Mike Ash: ‘Opinions may differ, but mine is solid: Shark is the only tool to even consider using here.’
Mike’s right. Shark rules all.
9-Year-Old Writes Popular iPhone App: “A 9-year-old Singapore boy has created a drawing application for the iPhone that is popular around the world, the Electric New Paper reports. Lim Ding Wen reworked one of his existing 20 programs for the touchscreen gadget. ‘I wrote the program for my younger sisters, who like to draw,’ he said of the app, downloaded more than 4,000 times. ‘But I am happy that people like it.’”
(Via Top Stories from Newser.)
iPhone apps round-up: Future Apps rolls out speech-based translators: “The iSpeak line of iPhone apps translate phrases from English into other languages. But they offer text-to-speech features as well.
Many say that tags are the new categories. They allow you to have a free form organisational structure. A single file can be classified into so many different categories, where each tag is a separate unit of classification. Tags from Gravity Applications, aims at providing you with a central user interface to tag basically everything on your Mac. I’ve been using this app for some time now, and here are my impressions.
The main UI of Tags is a floating palette. Select any object, it could be a file, email, iPhoto pictures, Address Book contacts, Photoshop windows or basically any application that supports AppleScript, and hit the magic customisable shortcut Ctrl+Space. You can then enter any tag that you fancy. For instance, if I get an email from a developer, I tag it with ‘dev’. If it mentions something about a review, I tag it ‘review’. Same say, if I’m surfing the web, and I come across an application that I really want to write about, I hit the shortcut, and type in ‘review’. So the email and bookmark belong to the same tag (as to many applications installed in my Applications folder).
Tags once entered auto complete so you don’t have to type in the same thing over and over again. Tags can also be made to show your recently used tags, as well as show your favourite tags. The tag manager can be used to specify which are your favourites, as well as delete some of them. This way, you don’t even have to type out your tags.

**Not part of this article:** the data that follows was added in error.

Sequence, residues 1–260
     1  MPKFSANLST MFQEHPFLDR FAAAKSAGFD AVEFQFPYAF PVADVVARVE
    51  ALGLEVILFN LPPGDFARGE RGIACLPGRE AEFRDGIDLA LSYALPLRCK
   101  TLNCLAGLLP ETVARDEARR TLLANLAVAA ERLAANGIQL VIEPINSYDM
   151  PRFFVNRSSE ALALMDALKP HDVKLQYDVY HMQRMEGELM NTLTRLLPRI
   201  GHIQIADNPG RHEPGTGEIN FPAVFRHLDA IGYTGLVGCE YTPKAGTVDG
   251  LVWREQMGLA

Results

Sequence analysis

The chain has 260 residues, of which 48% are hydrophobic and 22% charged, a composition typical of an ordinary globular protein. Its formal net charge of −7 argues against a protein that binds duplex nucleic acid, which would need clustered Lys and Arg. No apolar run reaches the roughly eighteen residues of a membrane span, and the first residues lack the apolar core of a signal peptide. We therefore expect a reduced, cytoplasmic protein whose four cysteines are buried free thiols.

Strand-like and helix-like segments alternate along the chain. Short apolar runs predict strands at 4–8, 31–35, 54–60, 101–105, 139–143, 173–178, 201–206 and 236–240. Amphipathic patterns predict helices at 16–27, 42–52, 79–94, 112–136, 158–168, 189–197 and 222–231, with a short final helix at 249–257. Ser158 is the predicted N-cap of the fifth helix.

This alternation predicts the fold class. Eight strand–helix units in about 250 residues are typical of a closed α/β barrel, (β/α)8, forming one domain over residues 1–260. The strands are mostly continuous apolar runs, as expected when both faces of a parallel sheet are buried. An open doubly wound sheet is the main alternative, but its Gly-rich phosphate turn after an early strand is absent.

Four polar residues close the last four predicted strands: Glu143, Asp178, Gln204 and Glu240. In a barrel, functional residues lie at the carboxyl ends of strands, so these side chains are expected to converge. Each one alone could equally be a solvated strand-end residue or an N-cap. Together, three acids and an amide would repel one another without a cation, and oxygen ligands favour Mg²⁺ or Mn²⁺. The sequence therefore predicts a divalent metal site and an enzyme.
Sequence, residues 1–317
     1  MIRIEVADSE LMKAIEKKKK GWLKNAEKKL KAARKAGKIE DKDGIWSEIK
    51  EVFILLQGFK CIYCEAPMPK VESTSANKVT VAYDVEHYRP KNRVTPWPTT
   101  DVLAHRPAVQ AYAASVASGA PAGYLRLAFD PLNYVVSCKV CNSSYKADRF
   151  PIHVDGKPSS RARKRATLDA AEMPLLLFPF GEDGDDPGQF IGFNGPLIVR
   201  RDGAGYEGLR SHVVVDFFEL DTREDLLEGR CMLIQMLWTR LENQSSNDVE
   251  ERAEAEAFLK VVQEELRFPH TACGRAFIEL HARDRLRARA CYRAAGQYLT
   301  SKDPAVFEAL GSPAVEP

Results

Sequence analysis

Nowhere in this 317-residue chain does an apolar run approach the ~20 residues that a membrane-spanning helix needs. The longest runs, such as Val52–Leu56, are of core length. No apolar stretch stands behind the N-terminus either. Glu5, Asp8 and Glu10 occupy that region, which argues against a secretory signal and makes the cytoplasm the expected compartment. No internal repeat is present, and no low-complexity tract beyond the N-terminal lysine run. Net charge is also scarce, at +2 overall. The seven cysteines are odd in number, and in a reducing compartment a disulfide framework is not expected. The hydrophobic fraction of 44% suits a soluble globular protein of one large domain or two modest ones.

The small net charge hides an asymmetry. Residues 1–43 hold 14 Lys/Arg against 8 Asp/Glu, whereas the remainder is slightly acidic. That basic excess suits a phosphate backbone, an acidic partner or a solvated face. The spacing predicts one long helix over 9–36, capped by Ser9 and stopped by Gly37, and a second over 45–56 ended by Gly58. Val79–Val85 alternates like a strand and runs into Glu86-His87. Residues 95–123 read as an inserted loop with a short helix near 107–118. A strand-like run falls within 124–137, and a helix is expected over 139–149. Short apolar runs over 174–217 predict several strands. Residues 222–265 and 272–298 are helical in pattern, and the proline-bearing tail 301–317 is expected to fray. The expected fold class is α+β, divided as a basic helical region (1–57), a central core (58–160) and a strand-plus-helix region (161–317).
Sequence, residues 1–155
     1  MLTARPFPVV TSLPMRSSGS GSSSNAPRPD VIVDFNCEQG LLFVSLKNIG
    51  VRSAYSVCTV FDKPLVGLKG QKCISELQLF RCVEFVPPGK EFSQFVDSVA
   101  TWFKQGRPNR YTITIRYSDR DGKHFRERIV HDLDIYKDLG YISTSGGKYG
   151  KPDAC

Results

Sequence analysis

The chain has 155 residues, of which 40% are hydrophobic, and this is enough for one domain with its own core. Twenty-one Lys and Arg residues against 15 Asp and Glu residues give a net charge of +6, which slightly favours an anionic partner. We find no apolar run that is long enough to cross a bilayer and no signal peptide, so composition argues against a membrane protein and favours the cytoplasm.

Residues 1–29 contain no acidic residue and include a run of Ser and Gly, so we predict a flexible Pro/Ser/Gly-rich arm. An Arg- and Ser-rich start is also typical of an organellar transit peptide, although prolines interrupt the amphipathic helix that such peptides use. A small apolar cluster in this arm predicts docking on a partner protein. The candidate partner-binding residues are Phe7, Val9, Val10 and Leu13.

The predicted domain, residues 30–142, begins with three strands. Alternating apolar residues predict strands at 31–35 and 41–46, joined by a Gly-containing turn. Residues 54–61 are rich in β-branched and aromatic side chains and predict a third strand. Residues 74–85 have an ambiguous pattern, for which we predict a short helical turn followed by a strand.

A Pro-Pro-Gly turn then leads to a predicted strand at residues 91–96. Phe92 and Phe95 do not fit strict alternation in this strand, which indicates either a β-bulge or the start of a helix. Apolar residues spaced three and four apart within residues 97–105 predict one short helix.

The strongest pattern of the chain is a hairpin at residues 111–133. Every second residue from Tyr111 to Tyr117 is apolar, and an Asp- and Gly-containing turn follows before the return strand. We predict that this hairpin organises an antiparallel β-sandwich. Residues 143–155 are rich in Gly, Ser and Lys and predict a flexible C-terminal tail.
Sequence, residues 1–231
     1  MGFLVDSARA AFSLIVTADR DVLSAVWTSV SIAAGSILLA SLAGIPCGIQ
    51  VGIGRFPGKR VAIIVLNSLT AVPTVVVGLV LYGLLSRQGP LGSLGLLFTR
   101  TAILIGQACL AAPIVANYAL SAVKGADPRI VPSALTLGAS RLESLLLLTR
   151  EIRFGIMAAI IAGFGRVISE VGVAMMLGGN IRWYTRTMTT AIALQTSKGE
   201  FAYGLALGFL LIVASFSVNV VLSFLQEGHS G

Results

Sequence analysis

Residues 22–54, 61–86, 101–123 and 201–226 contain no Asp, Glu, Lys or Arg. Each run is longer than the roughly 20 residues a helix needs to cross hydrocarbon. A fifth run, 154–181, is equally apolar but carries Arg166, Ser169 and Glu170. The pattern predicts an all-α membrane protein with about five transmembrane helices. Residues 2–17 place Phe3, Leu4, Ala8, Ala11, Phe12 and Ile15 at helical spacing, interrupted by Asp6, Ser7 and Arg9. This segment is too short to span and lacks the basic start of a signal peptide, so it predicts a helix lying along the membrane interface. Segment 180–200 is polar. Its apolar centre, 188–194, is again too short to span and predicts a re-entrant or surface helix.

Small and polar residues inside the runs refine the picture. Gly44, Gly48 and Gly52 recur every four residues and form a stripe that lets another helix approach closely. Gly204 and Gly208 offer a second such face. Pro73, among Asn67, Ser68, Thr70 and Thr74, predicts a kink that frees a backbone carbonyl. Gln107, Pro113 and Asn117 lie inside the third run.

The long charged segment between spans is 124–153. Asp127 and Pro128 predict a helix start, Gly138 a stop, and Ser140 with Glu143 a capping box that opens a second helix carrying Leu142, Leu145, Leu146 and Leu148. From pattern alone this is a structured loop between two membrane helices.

You can of course attach tags to multiple objects, as well as drag and drop files into the tag window. One thing I noticed is how you cannot tag files from different locations with a tag. For instance, if I have three files in three different locations, I’d like to have been able to drag and drop them into the Tags window and set my tags. Unfortunately, dragging a new item only replaces the earlier one.
Tags integrates with the built in spotlight search, so I can effectively search for ‘review’ in Finder and all those files and emails tagged with email will show up in the results. You can also use the tags UI itself (the search is on the flip side) to search through tags. Enter the tags, or just click on the same favourites and recents to search through your files. You can search for multiple tags to narrow down your search results.
The spotlight search tool however can be made to search only for tags by using the tag condition. For instance, searching for ‘tag:review’ will bring up only those files which are tagged so. You can also do saved searches in the Finder sidebar to quickly take a glance at all your items that have been tagged so. The tags can also be used in the search window of Mail, Address Book and such.
The question of the hour. I forced myself to tag things during this review period, and I can say the results are fruitful. I don’t tag everything, but say I’m working on a document in Pages, I just hit the shortcut and quickly add a tag to it. The process is so quick, that you can be almost instinctive with it. I still use Things to organise reviews and posts that go up on queue, but Tags is much broader than that. I don’t have to think about how I’m tagging, and most of my commonly used tags were right there within easy reach.
To sum up, Tags is easy to use, extremely quick and responsive, and useful to the point of not having to worry about ‘where to put the file’. The fact that it works in almost every app you could possibly tag makes this the perfect way to start using tags. Tags costs a reasonable $29 for a single user license, a trial version is also available for 30 days. I’d highly recommend you give the trial a good run to see what this app is capable of. They even have a spiffy screencast done explaining how best to use it.
Here we are again with another giveaway. This time round we have two licenses of Tags! Our thanks to Gravity Apps for this offer. How do you win? The rules are simple.
Winners will be announced in a week.
(Via Smoking Apples.)
If you’re like me you’re a huge fan of GTD here you will find an exhaustive review of GTP app and services
Getting Things Done, also abbreviated as GTD, is a popular time management productivity method created by David Allen.
The method is just as popular today as it was back in 2007 when we ran our GTD Ninja
post featuring more than 50 apps to help you be more productive and
organized. But there are a host of new applications out there to help
you be even more productive this year. Below are more than 100 of them.